Patrick J. Skerrett

Deep-brain stimulation can be started earlier to ease Parkinson’s symptoms

A pacemaker-like device that stimulates the brain can help control some of the muscular problems brought on by Parkinson’s disease, the second most common neurodegenerative problem in America. A report in tomorrow’s New England Journal of Medicine may prompt doctors to recommend its use sooner rather than later.

Parkinson’s disease occurs when nerve cells in the brain that make the chemical messenger dopamine begin wasting away. Dopamine helps coordinate movements. Without dopamine, hands tremble, arms and legs become stiff, movement slows and sometimes stops, balance and coordination fail. People with Parkinson’s may have trouble walking, talking, swallowing, and doing simple everyday tasks.

Drugs such as levodopa can fill in for natural dopamine and ease symptoms. But symptoms can reappear as the body breaks down the drug. And levodopa can cause side effects such as hand tremor or uncontrolled movements.Deep brain stimulation

For more than a decade, a non-drug approach known as deep-brain stimulation has been used to help control Parkinson’s symptoms. As shown in the image to the right, it involves placing a tiny wire called a lead (pronounced leed) in the part of the brain that controls movement and a matchbook-sized stimulator under the skin below the collarbone. The lead and stimulator are connected to each other by a second wire that runs under the skin of the shoulder, neck, and head. The device emits small pulses of electricity that help coordinate movement.

Deep-brain stimulation traditionally isn’t used until a person has lived with Parkinson’s for a decade or more. French and German researchers wanted to know whether it might be appropriate earlier in the course of the disease, soon after the onset of troubling muscle symptoms. It is, they report in the NEJM. In a randomized trial that included 251 men and women with Parkinson’s disease, deep-brain stimulation plus state-of-the-art drug therapy was better than drug therapy alone at improving quality of life, mobility, muscle symptoms, and the ability to carry out daily tasks.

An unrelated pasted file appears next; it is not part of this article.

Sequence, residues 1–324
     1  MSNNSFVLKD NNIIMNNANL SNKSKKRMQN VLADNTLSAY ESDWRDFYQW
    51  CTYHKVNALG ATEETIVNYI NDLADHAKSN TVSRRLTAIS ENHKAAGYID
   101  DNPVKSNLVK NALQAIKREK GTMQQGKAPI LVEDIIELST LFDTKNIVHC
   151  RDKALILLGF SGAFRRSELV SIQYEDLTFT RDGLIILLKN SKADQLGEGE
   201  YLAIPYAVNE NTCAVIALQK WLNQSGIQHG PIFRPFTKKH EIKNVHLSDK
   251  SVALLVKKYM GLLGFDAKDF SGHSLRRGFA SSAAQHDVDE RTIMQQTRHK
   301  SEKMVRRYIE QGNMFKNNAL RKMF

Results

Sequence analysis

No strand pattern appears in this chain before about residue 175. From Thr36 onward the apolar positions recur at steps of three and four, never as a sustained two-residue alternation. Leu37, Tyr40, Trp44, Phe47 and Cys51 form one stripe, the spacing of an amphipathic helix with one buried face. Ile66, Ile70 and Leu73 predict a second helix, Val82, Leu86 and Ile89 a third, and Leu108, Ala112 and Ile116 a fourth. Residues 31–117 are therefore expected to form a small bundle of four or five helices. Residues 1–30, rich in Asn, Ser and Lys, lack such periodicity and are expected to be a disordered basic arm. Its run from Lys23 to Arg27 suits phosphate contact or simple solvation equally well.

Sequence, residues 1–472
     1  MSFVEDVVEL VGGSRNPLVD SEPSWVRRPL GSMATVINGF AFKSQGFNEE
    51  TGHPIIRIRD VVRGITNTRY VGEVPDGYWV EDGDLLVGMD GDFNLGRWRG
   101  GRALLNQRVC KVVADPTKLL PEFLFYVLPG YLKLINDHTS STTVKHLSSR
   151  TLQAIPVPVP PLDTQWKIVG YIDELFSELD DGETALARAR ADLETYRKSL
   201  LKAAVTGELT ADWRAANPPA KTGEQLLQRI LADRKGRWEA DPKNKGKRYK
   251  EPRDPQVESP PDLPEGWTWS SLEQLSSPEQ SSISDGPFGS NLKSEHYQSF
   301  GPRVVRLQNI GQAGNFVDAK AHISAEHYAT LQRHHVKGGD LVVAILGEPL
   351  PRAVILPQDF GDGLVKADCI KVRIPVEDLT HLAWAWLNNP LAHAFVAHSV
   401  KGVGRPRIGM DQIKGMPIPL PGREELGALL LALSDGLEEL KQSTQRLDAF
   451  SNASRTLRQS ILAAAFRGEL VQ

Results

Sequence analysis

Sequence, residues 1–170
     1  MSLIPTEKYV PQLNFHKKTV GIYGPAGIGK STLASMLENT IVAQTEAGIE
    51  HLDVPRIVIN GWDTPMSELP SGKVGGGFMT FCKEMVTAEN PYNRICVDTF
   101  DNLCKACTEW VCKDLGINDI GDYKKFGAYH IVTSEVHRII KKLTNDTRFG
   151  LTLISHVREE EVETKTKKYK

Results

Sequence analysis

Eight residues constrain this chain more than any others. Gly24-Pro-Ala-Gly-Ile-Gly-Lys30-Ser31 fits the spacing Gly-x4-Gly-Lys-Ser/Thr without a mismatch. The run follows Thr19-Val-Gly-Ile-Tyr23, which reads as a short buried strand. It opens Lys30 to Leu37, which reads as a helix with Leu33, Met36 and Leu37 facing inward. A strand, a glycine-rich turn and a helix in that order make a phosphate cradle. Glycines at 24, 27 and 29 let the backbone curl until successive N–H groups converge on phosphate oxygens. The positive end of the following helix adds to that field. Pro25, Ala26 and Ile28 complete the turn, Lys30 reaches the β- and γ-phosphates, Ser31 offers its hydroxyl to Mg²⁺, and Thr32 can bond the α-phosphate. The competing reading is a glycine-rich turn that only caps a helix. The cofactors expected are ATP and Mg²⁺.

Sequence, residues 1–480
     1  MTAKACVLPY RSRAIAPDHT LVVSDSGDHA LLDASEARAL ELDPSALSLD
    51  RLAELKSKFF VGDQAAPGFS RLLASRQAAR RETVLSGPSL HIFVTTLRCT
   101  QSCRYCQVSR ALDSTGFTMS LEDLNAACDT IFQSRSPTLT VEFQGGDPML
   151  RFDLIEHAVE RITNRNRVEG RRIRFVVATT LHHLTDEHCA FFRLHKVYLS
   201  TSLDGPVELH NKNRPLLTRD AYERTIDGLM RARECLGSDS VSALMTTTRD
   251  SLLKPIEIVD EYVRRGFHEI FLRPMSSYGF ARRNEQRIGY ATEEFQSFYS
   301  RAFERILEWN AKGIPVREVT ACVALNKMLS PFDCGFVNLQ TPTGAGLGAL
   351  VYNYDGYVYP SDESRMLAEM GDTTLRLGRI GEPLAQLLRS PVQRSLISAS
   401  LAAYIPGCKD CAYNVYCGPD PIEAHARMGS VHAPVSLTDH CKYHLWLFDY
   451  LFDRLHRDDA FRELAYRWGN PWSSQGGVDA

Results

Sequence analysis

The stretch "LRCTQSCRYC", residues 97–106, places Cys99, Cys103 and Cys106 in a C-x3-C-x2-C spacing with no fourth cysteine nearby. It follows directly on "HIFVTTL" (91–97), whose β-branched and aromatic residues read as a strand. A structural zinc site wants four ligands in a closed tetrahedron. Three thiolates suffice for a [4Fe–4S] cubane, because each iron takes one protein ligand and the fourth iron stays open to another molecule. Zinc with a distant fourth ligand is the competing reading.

“I’m not surprised to see these results, but I and others who work with Parkinson’s patients are certainly glad to see them,” said Dr. Alice Flaherty, a specialist in movement disorders and associate professor of psychiatry at Harvard-affiliated Massachusetts General Hospital. “This trial gives us more leeway to use deep-brain stimulation earlier in appropriate patients.”

Although deep-brain stimulation can be an excellent option for some people with Parkinson’s disease, it isn’t a miracle worker, isn’t for everyone, and comes with some risks, points out Dr. Daniel Tarsy, professor of neurology at Harvard Medical School and director of the Parkinson’s Disease and Movement Disorders Center at Beth Israel Deaconess Medical Center.

“Sometimes just adjusting a person’s medications can make a big improvement,” said Dr. Tarsy. Writing last year in JAMA, he described how changing a man’s levodopa schedule from every four hours to every three hours helped reduce his involuntary movements and episodes of “freezing,” where he couldn’t walk.

That said, when state-of-the-art medical therapy isn’t enough to control symptoms, “deep-brain stimulation can be a very effective addition,” said Dr. Tarsy.

Comments:

  1. control

    wow this is a great article. ive learned a lot about this. i really wanted to study in harvard but im not that intelligent.

  2. Healthcare Sales Jobs

    Hi,
    Nice post. This is really valuable information about parkinsons symptoms because this is becoming a very common problem with humans. Its always good to know more and more about health issues

  3. James Pyle

    This is an interesting article on Parkinsons! My great grandmother suffered from this disease and now my grandfather has it. I feel like I can see signs of it starting to set in with my uncle and its always on my mind that one day I may have to battle it. Something that I’ve been researching which helps to reduce the onset and intensity of Parkinsons is a cool newer technology called Whole Body Vibration. I’ve been researching it online and found one of the best sources of information to be research from medical journals and commentary from health care practitioners. Thanks for your blog article!